User:QB99er Andy

From Rosetta Code
My Favorite Languages
Language Proficiency
8080 Assembly novice
8086 Assembly novice
9900 Assembly novice
Computer/zero Assembly novice
BASIC-80 better
Minimal BASIC best
QBasic good
Sinclair ZX81 BASIC okay
TI Extended BASIC best
Tiny BASIC better
TRS-80 BASIC good
C okay
Forth novice
Fortran novice
Little Man Computer okay
PL/M novice
Turbo Pascal okay
UCSD Pascal okay
Python novice
VTL-2 novice

Hi, I'm Andy. I first learned to use a computer in school about 1977. We learned to program in BASIC. There were two printing terminals in the back of the classroom. One was a DECWriter and the other was a teletype. We saved our programs on paper tape which was punched on the teletype machine. The next year we had some Radio Shack TRS-80 Model I computers with Level II BASIC. We had cassette tapes to save programs. I remember writing a small database program to record and search some data about cars.

When I was in college I learned to program in Fortran. I don't remember much about it now. My father bought a pair of TI-99/4A computers at the end of 1983 for the bargain price of $50 each. Then he bought most of the available peripheral equipment for it. I joined the QB99ers computer club for users of the TI-99/4A. It was in Queens, New York. I wrote a program to help my father create exams for his students. I also wrote one that changed the font of the characters on the screen. Later I wrote a program to use with Microsoft BASIC for the Macintosh. I called it RENUM. This version of BASIC didn't require line numbers and it didn't include a RENUM command to reset the line numbers so I figured out how to do it in BASIC. I did that on a 512 KB "Fat Mac" that belonged to a relative. I also tried making several sorting programs in BASIC.

I acquired used computers to try, including Apple II, Apple Macintosh, Atari 800XL, Atari 520ST, Xerox 820-II, Ibex 7150, Kaypro 1, Radio Shack TRS-80 Model 4, Commodore 64, Commodore 128, Commodore Amiga 1000, DEC Rainbow 100 and a PC/XT clone with CGA compatible display. Later I installed a 40 MHz 386 motherboard, VGA video card and monitor, hard disk drive, 3.5 inch high density disk drive, CD-ROM, and a mouse. Unfortunately most of the computers are gone now. They disappeared from their storage places. I still have a Macintosh iBook G3, some Windows laptops and my Chromebook.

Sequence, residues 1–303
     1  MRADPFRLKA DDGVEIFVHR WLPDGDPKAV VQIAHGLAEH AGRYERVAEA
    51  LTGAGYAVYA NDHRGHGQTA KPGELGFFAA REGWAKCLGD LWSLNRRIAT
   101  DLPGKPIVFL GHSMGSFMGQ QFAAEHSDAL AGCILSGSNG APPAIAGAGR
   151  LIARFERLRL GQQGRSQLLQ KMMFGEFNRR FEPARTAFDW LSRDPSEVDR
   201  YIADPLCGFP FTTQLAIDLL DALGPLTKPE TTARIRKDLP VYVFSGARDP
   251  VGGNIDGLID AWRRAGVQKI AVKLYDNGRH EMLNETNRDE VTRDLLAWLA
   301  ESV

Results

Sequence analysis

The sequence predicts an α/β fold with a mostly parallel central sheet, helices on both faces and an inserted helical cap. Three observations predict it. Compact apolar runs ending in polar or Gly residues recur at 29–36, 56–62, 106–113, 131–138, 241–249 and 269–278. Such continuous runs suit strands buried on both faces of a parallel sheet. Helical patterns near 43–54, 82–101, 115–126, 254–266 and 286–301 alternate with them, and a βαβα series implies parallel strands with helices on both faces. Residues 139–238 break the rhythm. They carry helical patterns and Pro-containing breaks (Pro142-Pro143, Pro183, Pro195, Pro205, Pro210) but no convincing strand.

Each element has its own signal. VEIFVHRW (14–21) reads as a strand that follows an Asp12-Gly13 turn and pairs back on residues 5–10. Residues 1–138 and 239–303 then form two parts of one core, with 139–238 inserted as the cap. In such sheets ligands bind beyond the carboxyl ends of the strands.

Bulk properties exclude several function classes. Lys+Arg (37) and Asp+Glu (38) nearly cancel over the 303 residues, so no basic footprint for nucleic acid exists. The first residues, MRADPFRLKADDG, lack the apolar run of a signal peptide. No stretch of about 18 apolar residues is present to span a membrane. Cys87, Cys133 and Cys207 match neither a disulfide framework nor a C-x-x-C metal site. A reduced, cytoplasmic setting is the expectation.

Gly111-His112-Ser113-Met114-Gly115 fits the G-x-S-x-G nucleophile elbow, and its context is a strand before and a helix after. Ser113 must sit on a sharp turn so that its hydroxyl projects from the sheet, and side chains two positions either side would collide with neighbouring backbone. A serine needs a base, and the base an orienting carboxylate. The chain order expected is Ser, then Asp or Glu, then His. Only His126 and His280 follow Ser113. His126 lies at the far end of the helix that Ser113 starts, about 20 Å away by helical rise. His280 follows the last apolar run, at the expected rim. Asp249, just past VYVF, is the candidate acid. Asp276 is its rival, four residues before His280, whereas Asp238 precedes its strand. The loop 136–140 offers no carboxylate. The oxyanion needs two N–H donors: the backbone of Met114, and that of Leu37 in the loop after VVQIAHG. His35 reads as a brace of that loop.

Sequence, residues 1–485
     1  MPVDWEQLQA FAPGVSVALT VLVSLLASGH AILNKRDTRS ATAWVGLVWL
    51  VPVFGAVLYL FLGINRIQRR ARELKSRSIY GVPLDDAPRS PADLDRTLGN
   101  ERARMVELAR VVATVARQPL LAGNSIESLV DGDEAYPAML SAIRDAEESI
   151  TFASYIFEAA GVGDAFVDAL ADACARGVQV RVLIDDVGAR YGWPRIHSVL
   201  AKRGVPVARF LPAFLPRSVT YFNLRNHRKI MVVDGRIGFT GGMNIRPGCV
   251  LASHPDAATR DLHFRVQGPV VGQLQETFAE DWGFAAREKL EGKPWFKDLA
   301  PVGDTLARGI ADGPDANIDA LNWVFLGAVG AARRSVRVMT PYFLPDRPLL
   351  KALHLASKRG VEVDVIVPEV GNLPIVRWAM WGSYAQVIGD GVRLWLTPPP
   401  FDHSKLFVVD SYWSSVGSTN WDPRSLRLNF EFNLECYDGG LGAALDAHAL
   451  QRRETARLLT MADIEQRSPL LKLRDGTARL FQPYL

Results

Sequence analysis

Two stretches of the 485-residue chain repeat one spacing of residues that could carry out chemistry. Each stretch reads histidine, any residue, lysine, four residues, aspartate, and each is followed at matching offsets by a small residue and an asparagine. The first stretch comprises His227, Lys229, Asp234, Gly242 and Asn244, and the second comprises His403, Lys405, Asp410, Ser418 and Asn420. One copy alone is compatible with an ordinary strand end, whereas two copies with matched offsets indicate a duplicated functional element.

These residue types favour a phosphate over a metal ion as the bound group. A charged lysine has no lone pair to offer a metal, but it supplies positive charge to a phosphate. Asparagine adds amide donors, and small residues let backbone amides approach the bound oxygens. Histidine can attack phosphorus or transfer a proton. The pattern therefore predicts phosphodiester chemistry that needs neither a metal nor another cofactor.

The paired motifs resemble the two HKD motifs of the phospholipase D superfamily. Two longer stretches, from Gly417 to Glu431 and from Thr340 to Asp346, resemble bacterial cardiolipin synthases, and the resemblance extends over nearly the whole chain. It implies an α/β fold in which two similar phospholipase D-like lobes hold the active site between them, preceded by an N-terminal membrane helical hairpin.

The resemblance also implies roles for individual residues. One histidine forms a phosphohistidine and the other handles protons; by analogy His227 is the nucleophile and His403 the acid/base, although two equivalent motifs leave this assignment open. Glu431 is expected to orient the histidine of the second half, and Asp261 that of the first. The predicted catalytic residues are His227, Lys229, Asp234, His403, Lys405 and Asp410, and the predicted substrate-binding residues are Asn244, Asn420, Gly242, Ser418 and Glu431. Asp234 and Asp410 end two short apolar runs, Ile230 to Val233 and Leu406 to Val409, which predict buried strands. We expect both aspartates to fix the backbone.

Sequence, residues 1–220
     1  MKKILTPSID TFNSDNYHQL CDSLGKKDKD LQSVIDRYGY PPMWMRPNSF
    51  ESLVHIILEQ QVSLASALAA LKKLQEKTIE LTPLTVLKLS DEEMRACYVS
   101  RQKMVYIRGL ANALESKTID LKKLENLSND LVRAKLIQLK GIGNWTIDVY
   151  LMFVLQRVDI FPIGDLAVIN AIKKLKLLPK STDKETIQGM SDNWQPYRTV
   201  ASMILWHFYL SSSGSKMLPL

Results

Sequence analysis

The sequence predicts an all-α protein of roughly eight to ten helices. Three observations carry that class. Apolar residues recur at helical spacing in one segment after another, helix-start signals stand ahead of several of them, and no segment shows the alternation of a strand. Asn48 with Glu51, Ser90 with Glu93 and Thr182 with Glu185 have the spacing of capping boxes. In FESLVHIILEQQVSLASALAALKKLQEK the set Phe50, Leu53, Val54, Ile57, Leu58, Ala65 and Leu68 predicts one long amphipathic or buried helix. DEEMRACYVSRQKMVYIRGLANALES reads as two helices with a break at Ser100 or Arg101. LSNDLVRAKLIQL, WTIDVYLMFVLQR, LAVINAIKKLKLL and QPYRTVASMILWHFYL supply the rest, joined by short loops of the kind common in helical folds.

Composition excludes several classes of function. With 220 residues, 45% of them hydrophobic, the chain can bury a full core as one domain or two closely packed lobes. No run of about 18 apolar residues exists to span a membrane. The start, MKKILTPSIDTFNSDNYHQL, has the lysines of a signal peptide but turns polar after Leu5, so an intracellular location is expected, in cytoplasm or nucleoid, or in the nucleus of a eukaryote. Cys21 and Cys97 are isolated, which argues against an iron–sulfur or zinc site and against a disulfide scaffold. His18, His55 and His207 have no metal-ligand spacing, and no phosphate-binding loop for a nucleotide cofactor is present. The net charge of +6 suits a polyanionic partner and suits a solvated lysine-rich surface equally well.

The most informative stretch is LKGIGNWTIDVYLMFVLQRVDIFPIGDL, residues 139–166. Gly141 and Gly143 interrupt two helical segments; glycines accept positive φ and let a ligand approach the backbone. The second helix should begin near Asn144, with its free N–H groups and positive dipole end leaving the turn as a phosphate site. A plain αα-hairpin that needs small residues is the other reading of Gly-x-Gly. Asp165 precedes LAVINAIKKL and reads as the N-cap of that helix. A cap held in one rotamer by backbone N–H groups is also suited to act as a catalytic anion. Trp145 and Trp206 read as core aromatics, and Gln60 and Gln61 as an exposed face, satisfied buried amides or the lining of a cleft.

I've been browsing Rosetta Code for a few months to learn some new programming languages. They include Tiny BASIC, VTL-2, Python, Little Man Computer, Computer/zero Assembly and PL/M. The languages I've used earlier include DEC BASIC, TRS-80 BASIC, TI BASIC, Microsoft BASIC, CBASIC, Fortran, UCSD Pascal, Turbo Pascal, BDS C, TI Forth, 9900 Assembly, 8080 Assembly, and 8086 Assembly. I feel like I know what I'm doing when I use BASIC. For the others, I like to have the manual or some source code to guide me. I'm thinking about learning COBOL because I heard on the news that more programmers are needed to maintain old COBOL programs.

I have some experience in moving data from one computer to another. I have often connected one computer to another using RS232 serial ports and then used a system command like PIP (for CP/M) or a terminal emulation program like ProComm (for MS-DOS) to transfer files. I also tried reading floppy disks from other computers with a PC running MS-DOS. I helped a guy named Paolo Bagnaresi create a program called TI99-PC. He was in Italy so we traded files by email. The program would read and write a TI-99/4A floppy disk in a PC disk drive. It was written mostly in 8086 Assembly language.

I usually use a Chromebook computer. I like to use emulators on the web such as PCJS and JS99'er when I want to do some programming. I also have some emulator apps installed on the computer, including Infinite Mac, Frodo 64, fMSX, Speccy, Unreal Speccy, and Spectacol. I haven't used them much. I tried writing a BASIC program with fMSX.

I installed some language apps on the Chromebook. They include Coding with Chrome, Basic -F, GForth, Mintoris BASIC and Frink.